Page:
Still, I’m left with that nagging question. Don’t they get it?

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  • Gary McLean

    When that woman came out stage I loudly told her to get back in the kitchen where she belonged. But since I was watching from home, she couldn’t hear me.

  • Manuel S. Lara Bisch

    I’m sorry, but much as I agree about catcalling being unacceptable, I feel the need to inject some realism into the discussion:
    “Bonnie was doing her job, and while cat calling is unacceptable enough as it is, you certainly don’t do it while you’re supposed to be at least putting up the appearance that you’re not a caveman who’s just pretending that you’re on common ground. How amazing would it have been if they stopped the show, or someone had interrupted to put that journalist in his place? We’d all be singing a very different song right now, and Microsoft would be lauded as forward thinking and inclusive.”

    Erm, no. While that is what might have happened in an ideal world, what *would* have happened is Microsoft becoming even more of a laughing-stock than the Xbox One reveal made them already, and being flamed as spoilsports kowtowing to the “feminazis” by 80% of their target audience.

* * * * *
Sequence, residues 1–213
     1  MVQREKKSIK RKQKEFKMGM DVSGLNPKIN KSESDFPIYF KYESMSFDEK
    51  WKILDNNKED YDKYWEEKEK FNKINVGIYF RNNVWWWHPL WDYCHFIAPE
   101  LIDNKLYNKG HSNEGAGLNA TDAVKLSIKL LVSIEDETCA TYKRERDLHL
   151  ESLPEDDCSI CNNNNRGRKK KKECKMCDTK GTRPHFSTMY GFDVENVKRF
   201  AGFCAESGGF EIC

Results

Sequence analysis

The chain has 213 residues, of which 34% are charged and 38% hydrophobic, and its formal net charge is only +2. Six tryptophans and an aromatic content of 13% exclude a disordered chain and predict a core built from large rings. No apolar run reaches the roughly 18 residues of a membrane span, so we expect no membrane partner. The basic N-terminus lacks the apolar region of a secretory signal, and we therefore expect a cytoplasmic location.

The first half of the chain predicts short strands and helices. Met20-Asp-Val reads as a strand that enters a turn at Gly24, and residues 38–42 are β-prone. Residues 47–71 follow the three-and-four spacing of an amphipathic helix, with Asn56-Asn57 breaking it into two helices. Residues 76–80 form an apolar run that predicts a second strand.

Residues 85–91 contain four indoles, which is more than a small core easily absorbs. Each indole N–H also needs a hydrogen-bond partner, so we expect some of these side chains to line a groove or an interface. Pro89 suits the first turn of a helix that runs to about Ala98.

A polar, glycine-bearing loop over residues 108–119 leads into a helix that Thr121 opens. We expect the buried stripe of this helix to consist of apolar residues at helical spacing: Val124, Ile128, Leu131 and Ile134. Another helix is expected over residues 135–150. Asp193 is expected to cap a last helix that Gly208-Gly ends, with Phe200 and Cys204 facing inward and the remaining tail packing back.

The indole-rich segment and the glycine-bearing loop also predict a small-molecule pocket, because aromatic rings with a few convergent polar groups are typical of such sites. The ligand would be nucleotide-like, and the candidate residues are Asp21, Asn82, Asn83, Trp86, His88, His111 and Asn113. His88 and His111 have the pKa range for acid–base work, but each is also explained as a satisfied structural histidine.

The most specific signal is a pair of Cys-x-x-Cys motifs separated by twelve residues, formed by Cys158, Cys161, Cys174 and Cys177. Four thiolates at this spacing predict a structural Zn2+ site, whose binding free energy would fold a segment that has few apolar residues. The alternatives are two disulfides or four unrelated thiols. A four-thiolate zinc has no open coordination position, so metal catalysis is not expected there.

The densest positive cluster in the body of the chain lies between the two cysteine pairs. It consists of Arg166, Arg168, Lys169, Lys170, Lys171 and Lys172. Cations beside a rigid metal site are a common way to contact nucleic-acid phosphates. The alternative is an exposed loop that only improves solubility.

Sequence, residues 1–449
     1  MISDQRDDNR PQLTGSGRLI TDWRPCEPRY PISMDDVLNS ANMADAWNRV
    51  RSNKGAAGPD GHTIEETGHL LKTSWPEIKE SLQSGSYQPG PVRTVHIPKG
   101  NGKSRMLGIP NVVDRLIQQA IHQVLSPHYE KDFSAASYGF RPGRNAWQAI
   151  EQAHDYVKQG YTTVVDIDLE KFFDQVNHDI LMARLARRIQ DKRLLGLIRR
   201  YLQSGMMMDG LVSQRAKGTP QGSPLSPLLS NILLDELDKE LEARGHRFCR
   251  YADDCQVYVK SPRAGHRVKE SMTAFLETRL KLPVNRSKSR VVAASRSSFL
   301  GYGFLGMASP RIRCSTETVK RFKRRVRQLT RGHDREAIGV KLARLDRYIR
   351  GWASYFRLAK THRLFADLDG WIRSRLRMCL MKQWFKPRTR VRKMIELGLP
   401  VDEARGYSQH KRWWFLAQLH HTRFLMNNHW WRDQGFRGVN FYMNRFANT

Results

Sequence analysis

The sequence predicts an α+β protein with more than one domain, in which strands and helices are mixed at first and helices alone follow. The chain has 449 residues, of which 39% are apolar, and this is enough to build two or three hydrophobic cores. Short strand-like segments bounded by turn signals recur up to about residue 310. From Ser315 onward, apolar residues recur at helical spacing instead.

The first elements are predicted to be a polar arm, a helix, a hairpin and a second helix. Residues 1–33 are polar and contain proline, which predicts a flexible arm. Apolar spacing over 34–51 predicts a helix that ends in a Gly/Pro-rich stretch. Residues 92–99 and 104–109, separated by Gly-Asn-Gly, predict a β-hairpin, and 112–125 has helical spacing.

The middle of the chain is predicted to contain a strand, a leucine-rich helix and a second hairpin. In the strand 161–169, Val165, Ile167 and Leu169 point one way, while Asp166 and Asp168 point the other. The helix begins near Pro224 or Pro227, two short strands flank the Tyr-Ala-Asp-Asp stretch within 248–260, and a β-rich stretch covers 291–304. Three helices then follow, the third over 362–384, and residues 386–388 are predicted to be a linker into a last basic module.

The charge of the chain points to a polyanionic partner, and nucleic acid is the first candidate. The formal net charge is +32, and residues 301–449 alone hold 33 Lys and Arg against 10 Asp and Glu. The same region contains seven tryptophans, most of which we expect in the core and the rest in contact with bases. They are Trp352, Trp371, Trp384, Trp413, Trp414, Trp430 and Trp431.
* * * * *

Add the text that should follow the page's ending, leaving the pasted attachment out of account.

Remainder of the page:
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As a gamer, I realize I contribute to an incredibly diverse social network of gamers around the world, and that my actions have the ability to impact others. In effort to make a positive impact, and to create a community that is welcoming to all, I pledge to not use bigoted language while gaming, online and otherwise.

Bigoted language includes, but is not limited to, slurs based on race? (e.g, "chink," "nigger," "wetback"), ethnicity? (e.g., "kyke," "polock"), gender? (e.g., "cunt," "bitch," "tranny"), religion? (e.g., "dirty jew," "papist"), sexual orientation? (e.g., "gay," "fag[got]," "dyke"), and disability? (e.g., "retard[ed]").